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beerbeer

The States People Are Fleeing In 2014

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useless data.

 

as we continue to subsidize the growing states on a national level, the states footing the bill will be the ones paying the price.

 

also, because of the average age due to decades of these polocies where we pave the swamps and eserts... people do indeed like to retire far away in the low cost south.

 

i did however notice thought that the people moving to CT are high earners, highly educated and in fact coming from " cool and hip " places...

 

sothat crap data can take a hike.  I see economic activity improving... everywhere I look. 

 

I will keep my lifestyle, my high income, my low crime, my intelligent friends, my .... damnit CT is an awesome place and I am glad I moved here attitide thank you very much :)

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useless data.

 

as we continue to subsidize the growing states on a national level, the states footing the bill will be the ones paying the price.

 

also, because of the average age due to decades of these polocies where we pave the swamps and eserts... people do indeed like to retire far away in the low cost south.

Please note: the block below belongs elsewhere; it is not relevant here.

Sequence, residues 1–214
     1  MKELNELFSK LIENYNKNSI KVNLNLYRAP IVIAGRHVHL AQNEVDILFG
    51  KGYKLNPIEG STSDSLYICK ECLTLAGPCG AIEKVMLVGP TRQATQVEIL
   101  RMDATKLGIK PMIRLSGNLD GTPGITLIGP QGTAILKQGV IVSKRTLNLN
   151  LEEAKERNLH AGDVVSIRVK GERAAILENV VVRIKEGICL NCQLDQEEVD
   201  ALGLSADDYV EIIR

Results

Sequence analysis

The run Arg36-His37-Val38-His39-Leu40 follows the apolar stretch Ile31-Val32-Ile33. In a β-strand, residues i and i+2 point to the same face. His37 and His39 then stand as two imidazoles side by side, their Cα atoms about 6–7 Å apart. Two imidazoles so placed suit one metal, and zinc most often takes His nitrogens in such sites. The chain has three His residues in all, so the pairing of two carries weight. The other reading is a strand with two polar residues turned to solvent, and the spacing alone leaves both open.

i did however notice thought that the people moving to CT are high earners, highly educated and in fact coming from " cool and hip " places...

 

sothat crap data can take a hike.  I see economic activity improving... everywhere I look. 

 

I will keep my lifestyle, my high income, my low crime, my intelligent friends, my .... damnit CT is an awesome place and I am glad I moved here attitide thank you very much :)

 

The data is the data whether you like it or not. Connecticut is in competition with other states. And Connecticut has been last in economic growth in the country for the last two years, the only state to have zero growth. It may grow this year but it lags the rest of the country and has for a very long time.

 

I agree the life style in Connecticut is among the best in the country. It also has a richness of history and cultural advantages shared by few other places in the country. But it is being squandered. The first step to solving the problem is admitting there is a problem.

Edited by beerbeer

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I do not have any problems with ct.

 

see, I chose to move here and I love it.

 

Had I been born here I may feel differently.  Every transplant I know feels the same as me, so I know I am experiencing a common emotion.  People who grew up here have more experience with let downs or whatever.  classis grass is greener thing.

 

 

also, just so ya know this is data from one moving company.  these numbers contain almost no value.

 

First off Id need to see a map of united van lines locations.... hmmmm lets locate our movinng company in the weathliest most densely populated regions...

 

useless data my man

 

here look at their local locationshttp://moving.unitedvanlines.com/#search_41.703701_-72.662804

 

 

i worked for a sompany that sold to a national moving company.  what this meant was that the national firm instantly became gthe dominant mover in the area, and by comparison I bet their stats would indicate an incrfease in move outs near Southampton NY...